Back to Alexis' home page

[for a fast recap, see at the end]

Today I decided to install sshd (the SSH server) on my Win2k
box. A friend of mine gave me a link to this page:

which describes pretty well the steps to follow to install the
SSH server and stick it as a service in your Services window.

It didn't work.mistery solved!

I'm a geek. I looked into the problem all by myself.

The very first problem was that somehow the two extra packages
that you have to have installed were not. These are:


* Note that zlib is installed by default by cygwin Base and thus
  I did not have to add it.

So, I had to go twice in the Setup.exe to get these to install.
Somehow, the openssl was auto-selected when I selected openssh
so I left it there.

I added the system wide environment variables (that's for when
you reboot in case you were wondering...) Notice that the
doc there says to stick  ";c:\cygwin\bin" at the end of your
Path variable. I actually put the correct path to my Cygwin
install which is somewhere else. So should you if you don't
have Cygwin in the default dirs.

Point 5 is... run to ssh-host-config script. That's a big
mess (the script itself.) But that's because Microsoft changes
things all the time even between minor versions. So don't blame
anyone else.

The script will mostly run... except that for me it did not create
the sshd user and thus it could not install the sshd service. In
other words, it was not very useful. I had to read the script to
see what it was doing...

I runs net add user ... or something like that to create a
new user. The problem is: if you do not have that net command
available, it won't work. I'm not too sure whether that net command
is supposed to be a Windows command which somehow is not in my
path or a Cygwin command which is not installed by default or the
Openssh/tcp_wrapper packages.

Anyhow, I created the user by hand going in the administration
tools and doing an Add User. The user has no privileges and you cannot
login as sshd. To do that I go in:

	Control Panel\Administrative Tools\Computer Management

This tools shows a list of things you can look at, among them you
will find:

	System Tools\Local Users and Group\Users

You will need to open up what is currently closed. Then right click in
the list of users and select New User.... In that window, set
the User Name to sshd, the Full Name to whatever you'd like, the
description is left to your discretion, no password, clear the
User must change password at next login, then set User cannot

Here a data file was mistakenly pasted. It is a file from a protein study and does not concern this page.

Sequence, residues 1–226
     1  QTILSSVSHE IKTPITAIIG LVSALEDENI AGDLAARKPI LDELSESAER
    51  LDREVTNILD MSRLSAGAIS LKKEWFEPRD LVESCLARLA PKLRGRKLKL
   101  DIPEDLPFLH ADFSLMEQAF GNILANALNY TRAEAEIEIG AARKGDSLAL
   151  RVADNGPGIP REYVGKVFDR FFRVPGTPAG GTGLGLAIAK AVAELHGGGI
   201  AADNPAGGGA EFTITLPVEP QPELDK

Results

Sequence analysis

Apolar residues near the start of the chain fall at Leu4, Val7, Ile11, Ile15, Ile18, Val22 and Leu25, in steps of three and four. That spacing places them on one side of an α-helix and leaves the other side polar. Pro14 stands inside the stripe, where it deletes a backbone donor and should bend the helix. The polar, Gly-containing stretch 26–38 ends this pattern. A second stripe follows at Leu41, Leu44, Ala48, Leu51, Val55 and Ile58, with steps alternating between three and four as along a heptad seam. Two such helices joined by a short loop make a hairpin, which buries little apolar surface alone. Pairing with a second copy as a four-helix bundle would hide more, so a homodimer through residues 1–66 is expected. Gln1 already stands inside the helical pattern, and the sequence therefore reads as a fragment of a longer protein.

change password and Password never expires and Account
is disabled. This last one is what prevents people from using
the sshd account to logon to your computer.

Then next I could run the Cygwin command to start the service
and later to register it. That's done with the cygrunsrv.
You can try cygrunsrv -Q sshd to see whether sshd is
properly installed as a service and whether it is currently
running. By the way, the service is named "CYGWIN sshd", that's
important if you search for it in your Services window. You
can open that Services tool from:

	Control Panel\Administrative Tools\Services

Also, in a standard MS-Windows DOS window you can type:

	netstat -a

to see whether someone is listening on port 22 (or whatever you
set it too... the ssh-host-config can be used to define
a different port with the --port option.)


The fast recap:

1. make sure that openssh and tcp_wrappers get
   installed properly

2. run ssh-host-config a few times, the second time don't
   hesitate to say "replace existing files"

3. create a new user named 'sshd' with no password, and not
   active (i.e. you cannot logon as sshd)

4. re-run ssh-host-config or use the cygrunsrv
   command to start the server and eventually make it permanent
   (see the help with --help on the command line)

The mystery is resolved:

The net.exe command is actually a MS-Windows command (I thought
maybe it was, but well...) So my... why did that break for me
then? Ha! Because I have a HOME environment variable in my
Computer Advanced Setup which points to my MinGW environment
and Cygwin uses it to load a MinGW .bashrc which messes up
the PATH variable. (MinGW uses /c/... where Cygwin uses

Anyway, my install works, good luck to you! 8-}

Back to Alexis' home page